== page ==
In a slightly depressing new paper, researchers describe how they tried to get access to the data behind 111 of the most cited psychology and psychiatry papers published in the past decade. Only 14% of the datasets were made available with no restrictions on who could access them.
Who benefits from sharing data? The scientists of future do, as data sharing today enables new science tomorrow. Far from being mere rehashes of old datasets, evidence shows that studies based on analyses of previously published data can achieve just as much impact as original projects.
In the 1990s, the Internet offered a horizon from which to imagine what society could become, promising autonomy and self-organization next to redistribution of wealth and collectivized means of production. While the former was in line with the dominant ideology of freedom, the latter ran contrary to the expanding enclosures in capitalist globalization.
Opendata.ch/2018 ist die führende Konferenz der Schweiz rund um das Thema offene Daten. Jährlich prägen wir die nationale Open-Data-Diskussion, mit VertreterInnen aus Verwaltung, Wirtschaft, Wissenschaft, Politik, Journalismus, IT und weiteren Interessengebieten.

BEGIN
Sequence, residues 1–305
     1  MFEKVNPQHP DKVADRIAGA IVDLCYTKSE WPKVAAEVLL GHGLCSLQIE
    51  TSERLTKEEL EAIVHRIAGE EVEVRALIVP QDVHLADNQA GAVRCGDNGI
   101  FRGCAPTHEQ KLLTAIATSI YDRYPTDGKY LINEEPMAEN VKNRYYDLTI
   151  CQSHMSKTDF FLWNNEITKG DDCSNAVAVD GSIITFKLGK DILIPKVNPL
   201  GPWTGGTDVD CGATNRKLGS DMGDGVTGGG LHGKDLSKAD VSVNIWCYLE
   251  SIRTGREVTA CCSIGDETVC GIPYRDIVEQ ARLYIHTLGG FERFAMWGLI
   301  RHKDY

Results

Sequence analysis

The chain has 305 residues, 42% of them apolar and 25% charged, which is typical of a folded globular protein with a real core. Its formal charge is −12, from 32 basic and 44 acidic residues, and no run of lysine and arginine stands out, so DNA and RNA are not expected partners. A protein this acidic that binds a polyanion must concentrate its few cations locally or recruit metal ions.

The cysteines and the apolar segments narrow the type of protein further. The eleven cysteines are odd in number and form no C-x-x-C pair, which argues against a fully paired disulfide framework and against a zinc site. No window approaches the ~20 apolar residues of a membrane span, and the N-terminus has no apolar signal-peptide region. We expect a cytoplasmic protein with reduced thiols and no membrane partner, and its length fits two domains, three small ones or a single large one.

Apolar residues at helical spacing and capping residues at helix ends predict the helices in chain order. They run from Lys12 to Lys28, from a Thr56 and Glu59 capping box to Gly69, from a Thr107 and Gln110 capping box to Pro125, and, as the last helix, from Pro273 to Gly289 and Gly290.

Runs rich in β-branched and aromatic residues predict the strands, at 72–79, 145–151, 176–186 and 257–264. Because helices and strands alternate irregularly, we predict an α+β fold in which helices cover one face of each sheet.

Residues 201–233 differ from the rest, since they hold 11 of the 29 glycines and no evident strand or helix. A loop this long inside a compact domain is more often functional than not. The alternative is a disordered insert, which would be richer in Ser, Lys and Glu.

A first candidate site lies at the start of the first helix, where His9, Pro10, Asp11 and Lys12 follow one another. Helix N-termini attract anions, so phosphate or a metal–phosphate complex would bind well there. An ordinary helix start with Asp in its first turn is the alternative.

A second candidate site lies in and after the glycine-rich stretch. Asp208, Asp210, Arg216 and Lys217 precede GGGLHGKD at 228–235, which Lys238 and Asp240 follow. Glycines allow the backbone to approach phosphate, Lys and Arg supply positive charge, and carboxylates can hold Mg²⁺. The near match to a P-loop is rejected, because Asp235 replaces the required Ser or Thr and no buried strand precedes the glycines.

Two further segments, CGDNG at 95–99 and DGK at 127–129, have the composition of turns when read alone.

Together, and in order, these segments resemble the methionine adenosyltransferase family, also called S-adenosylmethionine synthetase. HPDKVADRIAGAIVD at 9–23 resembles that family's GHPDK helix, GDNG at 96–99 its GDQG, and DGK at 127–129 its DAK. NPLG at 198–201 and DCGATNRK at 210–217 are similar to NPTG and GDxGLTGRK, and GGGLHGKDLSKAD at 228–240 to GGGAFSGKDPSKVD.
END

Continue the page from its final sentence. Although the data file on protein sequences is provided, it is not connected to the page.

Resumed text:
After being given the green light by research ministers earlier this year, an ambitious initiative to enable Europe’s 1.7 million researchers to share data and research tools is now on course to be launched before the end of the year. But what should the next steps be?
Practical Challenges for Researchers in Data Sharing
In one of the largest surveys of researchers about research data (with over 7,700 respondents), Springer Nature finds widespread data sharing associated with published works and a desire from researchers that their data are discoverable.